ORANGE PARK, Fla. -- Overworked, understaffed and therefore, under fire.
The Orange Park Police Department is now an unaccredited police department. It apparently failed to file the proper paperwork on time.
The Chief said a lack of manpower is behind the unaccredited department and they may not have enough officers to keep you safe.
Chief Gary Goble is talking to First Coast News to explain why the department did not get re-accredited.
Orange Park residents were heated about their unaccredited police department when First Coast News first reported on this story last week.
"The department should just give a reason why not or just go ahead and do it," said resident Tony Pulaski.
But with a 22-person staff, Orange Park Police Chief Gary Goble said his officers wear multiple hats and do more than simply patrol the streets.
"Our property custodian is also our D.A.R.E. officer is also our red light viewer. Plus, she writes grants," Goble said.
The Orange Park Police Department is short-staffed and has been for the last four years after losing one officer in 2009 and a second who transferred out of the department in 2010
The positions remained empty until recently, with two new recruits now assigned to the squad.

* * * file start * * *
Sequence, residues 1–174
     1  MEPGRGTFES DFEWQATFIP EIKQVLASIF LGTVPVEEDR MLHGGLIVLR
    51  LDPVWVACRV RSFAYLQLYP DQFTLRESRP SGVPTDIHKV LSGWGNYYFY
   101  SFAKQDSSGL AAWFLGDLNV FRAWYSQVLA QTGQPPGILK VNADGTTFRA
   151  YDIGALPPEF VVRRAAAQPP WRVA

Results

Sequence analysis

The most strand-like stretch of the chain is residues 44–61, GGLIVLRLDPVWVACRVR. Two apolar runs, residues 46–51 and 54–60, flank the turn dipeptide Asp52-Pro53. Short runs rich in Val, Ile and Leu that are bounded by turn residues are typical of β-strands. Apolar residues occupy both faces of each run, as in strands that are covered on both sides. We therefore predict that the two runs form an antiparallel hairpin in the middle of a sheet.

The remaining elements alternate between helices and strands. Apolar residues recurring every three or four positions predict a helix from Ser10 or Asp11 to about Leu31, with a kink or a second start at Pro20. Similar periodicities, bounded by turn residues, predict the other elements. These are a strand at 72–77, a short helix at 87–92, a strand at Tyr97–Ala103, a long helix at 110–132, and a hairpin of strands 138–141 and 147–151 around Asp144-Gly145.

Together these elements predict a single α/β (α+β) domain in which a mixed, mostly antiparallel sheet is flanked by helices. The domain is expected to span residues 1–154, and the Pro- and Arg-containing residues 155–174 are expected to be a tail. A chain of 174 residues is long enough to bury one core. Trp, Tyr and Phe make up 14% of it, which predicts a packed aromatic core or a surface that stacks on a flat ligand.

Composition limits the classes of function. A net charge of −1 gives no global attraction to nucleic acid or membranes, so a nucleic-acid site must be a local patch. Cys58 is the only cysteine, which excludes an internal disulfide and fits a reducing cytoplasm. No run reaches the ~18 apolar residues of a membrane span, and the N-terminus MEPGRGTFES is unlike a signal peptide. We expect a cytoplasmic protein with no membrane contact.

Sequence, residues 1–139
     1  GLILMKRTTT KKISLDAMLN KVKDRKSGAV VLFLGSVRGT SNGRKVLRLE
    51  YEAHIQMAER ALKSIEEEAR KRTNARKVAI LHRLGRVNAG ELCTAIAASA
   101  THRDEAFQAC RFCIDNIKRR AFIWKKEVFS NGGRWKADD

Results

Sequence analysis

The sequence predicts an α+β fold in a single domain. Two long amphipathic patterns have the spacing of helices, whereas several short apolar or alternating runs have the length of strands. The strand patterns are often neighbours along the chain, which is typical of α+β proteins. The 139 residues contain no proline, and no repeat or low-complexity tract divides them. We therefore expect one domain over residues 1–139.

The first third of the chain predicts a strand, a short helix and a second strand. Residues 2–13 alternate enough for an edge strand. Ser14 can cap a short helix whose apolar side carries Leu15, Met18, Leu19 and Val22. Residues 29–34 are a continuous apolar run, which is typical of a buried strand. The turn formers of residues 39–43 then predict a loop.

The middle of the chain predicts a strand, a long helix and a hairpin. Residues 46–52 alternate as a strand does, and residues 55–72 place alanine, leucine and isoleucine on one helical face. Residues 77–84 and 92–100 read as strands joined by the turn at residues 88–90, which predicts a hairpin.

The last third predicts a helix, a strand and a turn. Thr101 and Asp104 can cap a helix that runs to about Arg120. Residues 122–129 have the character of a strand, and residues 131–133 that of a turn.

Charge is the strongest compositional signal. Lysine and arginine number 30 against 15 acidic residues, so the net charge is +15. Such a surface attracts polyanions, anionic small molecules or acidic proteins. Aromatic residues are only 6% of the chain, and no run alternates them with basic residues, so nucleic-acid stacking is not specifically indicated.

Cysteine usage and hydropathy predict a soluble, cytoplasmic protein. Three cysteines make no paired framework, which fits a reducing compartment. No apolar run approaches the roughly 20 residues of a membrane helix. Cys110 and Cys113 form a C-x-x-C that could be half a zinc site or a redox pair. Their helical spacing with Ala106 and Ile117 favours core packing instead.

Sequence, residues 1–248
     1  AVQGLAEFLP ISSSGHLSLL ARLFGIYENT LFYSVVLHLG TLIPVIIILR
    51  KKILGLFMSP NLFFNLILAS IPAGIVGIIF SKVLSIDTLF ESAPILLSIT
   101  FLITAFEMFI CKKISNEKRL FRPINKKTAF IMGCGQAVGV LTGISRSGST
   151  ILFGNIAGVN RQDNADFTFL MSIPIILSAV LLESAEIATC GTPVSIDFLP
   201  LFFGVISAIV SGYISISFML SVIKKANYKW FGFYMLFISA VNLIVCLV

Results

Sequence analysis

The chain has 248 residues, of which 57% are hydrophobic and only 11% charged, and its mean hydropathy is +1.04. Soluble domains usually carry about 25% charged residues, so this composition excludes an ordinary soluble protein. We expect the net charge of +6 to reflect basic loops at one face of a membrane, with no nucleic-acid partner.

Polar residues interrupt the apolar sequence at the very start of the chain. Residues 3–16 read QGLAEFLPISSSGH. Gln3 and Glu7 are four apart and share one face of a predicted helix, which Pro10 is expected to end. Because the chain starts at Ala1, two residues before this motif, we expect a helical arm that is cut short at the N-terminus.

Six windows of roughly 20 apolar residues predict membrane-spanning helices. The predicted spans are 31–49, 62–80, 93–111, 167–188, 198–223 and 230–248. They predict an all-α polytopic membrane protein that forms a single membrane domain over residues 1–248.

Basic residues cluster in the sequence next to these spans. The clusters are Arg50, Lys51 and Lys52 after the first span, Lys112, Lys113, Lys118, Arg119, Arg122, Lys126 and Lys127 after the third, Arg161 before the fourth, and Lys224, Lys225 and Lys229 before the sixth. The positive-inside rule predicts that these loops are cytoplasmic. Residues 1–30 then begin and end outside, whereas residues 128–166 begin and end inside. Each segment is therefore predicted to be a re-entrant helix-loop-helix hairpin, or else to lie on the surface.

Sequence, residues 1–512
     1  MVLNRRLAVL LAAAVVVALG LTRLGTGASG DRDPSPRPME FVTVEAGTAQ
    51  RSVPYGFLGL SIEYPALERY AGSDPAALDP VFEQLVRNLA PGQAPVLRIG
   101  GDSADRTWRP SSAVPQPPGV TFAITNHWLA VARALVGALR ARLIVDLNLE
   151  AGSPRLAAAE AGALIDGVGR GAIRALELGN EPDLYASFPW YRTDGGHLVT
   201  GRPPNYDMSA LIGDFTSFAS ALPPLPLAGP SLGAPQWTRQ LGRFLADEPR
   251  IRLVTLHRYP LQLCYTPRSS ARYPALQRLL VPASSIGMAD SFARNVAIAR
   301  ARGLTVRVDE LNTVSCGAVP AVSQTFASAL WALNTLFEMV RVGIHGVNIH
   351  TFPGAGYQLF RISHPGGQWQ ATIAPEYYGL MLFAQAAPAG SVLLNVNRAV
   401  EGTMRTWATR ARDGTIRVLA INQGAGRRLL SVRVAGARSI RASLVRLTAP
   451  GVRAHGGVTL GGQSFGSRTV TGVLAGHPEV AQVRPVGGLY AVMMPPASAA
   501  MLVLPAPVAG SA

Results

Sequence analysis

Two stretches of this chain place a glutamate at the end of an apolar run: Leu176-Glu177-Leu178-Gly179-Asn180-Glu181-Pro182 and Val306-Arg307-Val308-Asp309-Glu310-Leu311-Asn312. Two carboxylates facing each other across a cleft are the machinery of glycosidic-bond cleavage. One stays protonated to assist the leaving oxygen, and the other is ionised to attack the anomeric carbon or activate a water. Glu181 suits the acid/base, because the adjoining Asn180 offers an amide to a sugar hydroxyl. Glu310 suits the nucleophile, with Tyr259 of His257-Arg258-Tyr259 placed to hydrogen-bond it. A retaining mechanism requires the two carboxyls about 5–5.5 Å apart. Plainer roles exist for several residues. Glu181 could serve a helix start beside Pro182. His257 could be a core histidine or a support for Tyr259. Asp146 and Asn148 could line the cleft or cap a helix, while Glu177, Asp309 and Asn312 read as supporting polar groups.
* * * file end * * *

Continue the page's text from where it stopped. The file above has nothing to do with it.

But because they're still in training, the OPPD won't be fully staffed until August or September.
"Two men down for a small department. That's 10 percent of my workforce. The accreditation is time consuming and somebody has to do it," Goble said.
Back when Chief Goble was Sergeant Goble, he was in charge of the accreditation documents and he said it took 30 to 40 hours a week just to keep up with the paperwork associated with the commission for Florida Law Enforcement Accreditation.
"If you don't have enough people to spend the time for training, then over time, your capabilities are going to decrease and you're going to do not as good of a job and we're all going to suffer," said Orange Park resident Wayne Middleton.
Despite the loss of its accreditation, Goble said the department still meets 250 standards that include safety, internal audits and evidence handling guidelines.
First Coast News